World Toilet Day – shitting on Third World development

Russell McCarthy

Topics Science & Tech

It’s that magical time of year, a time to get together with those closest to us and think about the things that really matter: that’s right, it’s World Toilet Day. WTD aims to raise awareness of the billions of people around the world who are still without access to proper sanitation. A noble cause, one might think, when you consider the fact that a third of the world’s population lack toilet facilities and running water. However, just scratch the surface and the campaign is rooted in maintaining low horizons for the poor.

I asked Ceri Dingle, director of the 2008 documentary Flush It, what she thought of the campaign: ‘I wouldn’t mind World Toilet Day so much if they actually wanted everyone to have a flushing toilet; but they don’t. They’re obsessed with myths about the water cycle, and the idea we must limit the amount of water we can use, and they let this dictate everything they do.’

Dingle is right, the website for WTD is adorned with pictures of the most rudimentary communal showers, water pumps and outhouses. Far from being ashamed of showcasing such ramshackle constructions, the campaigners boast about their sustainability. According to WTD, these pitiful provisions are the kind of facilities our peers in the Third World should aspire to.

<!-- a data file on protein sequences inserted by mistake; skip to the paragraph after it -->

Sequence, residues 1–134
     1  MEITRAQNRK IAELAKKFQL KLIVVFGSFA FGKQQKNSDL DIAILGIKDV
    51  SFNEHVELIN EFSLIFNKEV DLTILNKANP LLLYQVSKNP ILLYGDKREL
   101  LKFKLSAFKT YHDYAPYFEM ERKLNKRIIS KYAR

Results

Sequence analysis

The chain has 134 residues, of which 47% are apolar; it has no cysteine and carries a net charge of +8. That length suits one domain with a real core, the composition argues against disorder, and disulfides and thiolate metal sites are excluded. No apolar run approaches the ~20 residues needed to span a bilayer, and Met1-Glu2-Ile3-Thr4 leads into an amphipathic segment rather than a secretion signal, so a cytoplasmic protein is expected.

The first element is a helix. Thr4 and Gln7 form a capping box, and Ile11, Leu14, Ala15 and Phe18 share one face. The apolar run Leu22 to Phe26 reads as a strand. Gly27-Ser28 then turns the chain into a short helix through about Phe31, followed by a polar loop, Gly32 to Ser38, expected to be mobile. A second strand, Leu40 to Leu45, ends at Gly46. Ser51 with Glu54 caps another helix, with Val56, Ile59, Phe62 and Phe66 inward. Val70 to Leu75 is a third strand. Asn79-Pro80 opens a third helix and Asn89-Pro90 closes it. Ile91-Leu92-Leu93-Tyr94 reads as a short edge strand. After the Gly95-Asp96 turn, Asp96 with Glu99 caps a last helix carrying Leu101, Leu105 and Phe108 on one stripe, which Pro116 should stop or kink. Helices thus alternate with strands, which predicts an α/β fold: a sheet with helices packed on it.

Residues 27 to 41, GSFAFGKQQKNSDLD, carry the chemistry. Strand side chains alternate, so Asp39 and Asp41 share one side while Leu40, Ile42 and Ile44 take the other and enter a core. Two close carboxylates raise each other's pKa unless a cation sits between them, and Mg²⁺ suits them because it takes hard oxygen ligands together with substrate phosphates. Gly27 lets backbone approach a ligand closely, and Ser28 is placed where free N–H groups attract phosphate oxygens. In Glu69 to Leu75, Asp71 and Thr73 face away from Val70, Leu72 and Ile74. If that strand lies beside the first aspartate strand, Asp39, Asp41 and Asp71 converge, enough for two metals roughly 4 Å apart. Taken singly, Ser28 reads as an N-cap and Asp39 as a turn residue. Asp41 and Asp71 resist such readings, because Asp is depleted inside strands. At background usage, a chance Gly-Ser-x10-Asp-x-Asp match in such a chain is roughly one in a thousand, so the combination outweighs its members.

Similarly, NGOs such as WaterAid and the Water Supply and Sanitation Collaborative Council (WSSCC) – both prominent supporters of the campaign – argue that the solution to the lack of toilets in the Third World is the Ventilation Improved Pit Toilet (better known by its misleading acronym, VIP Toilet). The VIP Toilet is effectively an outhouse with a squatting hole which needs to be manually ‘excavated’ every year or two. It has now been improved with the addition of a ventilation pipe which is said to lessen the foul stench and reduce the number of flies. Dingle doesn’t think much of such innovations: ‘I remember seeing automatic toilets in Japan almost 20 years ago, with jets of water and hot air, a cushioned seat, adjustable height – all operated from a computer-control panel. That was a VIP toilet, not some hole in the ground with a pipe sticking out of it.’

What’s sorely lacking from this campaign is any recognition that people in the Third World want – and need – the same level of sanitation and convenience that we enjoy in the West. If we are serious about sanitation we must aspire to an abundance of water that would allow every home on earth to have flushing toilets, drinking water on tap, hot showers and washing machines. This will never be achieved through thinking small: we need dams, desalination plants, and extensive pipelines to carry water hundreds of miles. What the world doesn’t need is another stinking hole in the ground to shit in.

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Topics Science & Tech


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